Friday 12 February 2016

Submission – Deutsches Schauspielhaus, Hamburg

[seen 10/02/16]

In early January last year, when “Islamic” terrorists stormed the Charlie Hebdo offices in Paris, it was a cartoon of novelist Michel Houellebecq that graced the front cover of the week’s edition. The cover was celebrating the publication of his new novel, Soumission (German; Unterwerfen, English; Submission). The subject of the novel is an imagined near-future in which France elects a Muslim Government and becomes a de facto Islamic state. The novel is narrated, like so many of Houellebecq’s novels, by slightly depressed, misanthrophic, middle-aged, white man, whom one probably imagines to resemble Houellebecq himself.

And, yes, it’s a difficult novel to admit to admiring. So much of the surface of it is patently designed to be provocative, and there’s always the concern that the impulse behind its creation is not merely benign leftist provocation. But let’s say this; while all the other consciousnesses in the book are described as secondary to those of the white, male narrator, these include all his other white, male colleagues, as well as the Muslim men and all women. And yes, while the version of Islam that flourishes in the novel’s imaginary future France is an objectionable caricature of, say, Saudi Arabia, so is actual, present-day Saudi Arabia. Nor is present-day France is hardly held up as a paragon.

What Submission really creates is a satire of is patriarchy. The big joke of the novel is that this classically “Western”, emotionally-backward, academic expert on Huysmans ends up quite pleased by modern “progressive” French society being replaced by conservative, polygamous Islamic law. It is possible to read this as Houellebecq making some sort of argument for the essentialism of patriarchy, and its demonstrable, ongoing dominance. But it’s equally easy to see it as a condemnation of precisely such a view. I don’t know how a feminist novel could skewer male self-interest more viciously.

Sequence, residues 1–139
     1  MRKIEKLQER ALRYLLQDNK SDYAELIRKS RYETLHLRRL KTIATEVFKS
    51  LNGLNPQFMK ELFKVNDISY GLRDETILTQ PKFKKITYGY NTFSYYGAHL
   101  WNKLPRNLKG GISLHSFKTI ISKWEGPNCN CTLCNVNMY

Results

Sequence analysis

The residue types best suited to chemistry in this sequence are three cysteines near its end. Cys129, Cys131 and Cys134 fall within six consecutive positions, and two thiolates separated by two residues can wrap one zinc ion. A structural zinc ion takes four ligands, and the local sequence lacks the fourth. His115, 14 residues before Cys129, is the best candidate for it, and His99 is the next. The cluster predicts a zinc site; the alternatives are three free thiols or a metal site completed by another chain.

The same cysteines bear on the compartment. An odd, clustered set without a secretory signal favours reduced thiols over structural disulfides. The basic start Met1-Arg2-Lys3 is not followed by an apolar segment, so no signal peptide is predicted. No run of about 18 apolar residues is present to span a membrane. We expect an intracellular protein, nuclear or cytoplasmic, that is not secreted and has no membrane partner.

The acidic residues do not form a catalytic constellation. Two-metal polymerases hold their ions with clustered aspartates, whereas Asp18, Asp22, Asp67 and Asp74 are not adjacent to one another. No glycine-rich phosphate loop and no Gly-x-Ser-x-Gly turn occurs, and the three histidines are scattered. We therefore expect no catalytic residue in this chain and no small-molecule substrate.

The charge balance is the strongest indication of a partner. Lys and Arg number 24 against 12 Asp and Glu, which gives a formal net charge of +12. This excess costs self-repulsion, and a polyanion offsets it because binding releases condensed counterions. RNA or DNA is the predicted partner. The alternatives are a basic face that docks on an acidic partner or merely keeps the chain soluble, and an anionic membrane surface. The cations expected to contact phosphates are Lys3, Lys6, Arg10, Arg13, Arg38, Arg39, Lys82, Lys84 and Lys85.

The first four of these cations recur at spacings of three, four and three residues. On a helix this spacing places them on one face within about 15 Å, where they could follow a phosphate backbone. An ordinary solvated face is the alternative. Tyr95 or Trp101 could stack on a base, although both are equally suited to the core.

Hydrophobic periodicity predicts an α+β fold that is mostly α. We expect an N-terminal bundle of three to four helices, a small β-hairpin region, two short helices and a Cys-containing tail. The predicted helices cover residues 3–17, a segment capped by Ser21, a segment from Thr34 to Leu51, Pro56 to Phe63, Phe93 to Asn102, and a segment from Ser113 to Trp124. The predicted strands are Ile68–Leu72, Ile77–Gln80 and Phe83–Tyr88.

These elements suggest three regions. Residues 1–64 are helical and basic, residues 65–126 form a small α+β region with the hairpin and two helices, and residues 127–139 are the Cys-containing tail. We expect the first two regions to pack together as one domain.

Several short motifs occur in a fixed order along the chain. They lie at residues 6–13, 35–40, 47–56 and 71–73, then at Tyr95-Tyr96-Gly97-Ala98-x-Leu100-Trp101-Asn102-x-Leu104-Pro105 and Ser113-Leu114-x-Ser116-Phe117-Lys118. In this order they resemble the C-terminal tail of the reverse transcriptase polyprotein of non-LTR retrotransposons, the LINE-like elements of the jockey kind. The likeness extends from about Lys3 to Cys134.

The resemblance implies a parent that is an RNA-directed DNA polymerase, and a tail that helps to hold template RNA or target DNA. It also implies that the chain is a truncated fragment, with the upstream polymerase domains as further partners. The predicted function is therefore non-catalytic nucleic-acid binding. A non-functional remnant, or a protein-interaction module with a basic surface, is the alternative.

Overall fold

As such, it is reassuring (while perhaps cowardly to want such reassurances) that this first adaptation for stage has been created by Deutsches Schauspielhaus’s artistic director Karin Beier, dramaturg Rita Thiele, and a mostly female production team (Licht – Rebekka Dahnke, Kostüm – Hannah Petersen)

What is then surprising, given this fact (and given my nervous need for reassurance), is that the actual production itself is remarkably *straight*. The novel, narrated by the single voice of a middle-aged white man, is transferred to stage by the cunning means of having a single middle-aged white man stand on stage and say as many of the words from the novel as can be reasonably fitted into an evening of theatre.

However, that’s not all. Yes, the novel transfers well to the stage, and remains compelling and grimly, bleakly funny – perhaps all the more so for having the frisson of lots of people laughing nervously together in public. And, yes, solo performer Edgar Selge holds the attention like a particularly charistmatic eye-magnet; dry, self-deprecating, rumpled, yet still capable of oratorical flights and lyricism. But the thing that really makes this production is Olaf Altmann’s stage design.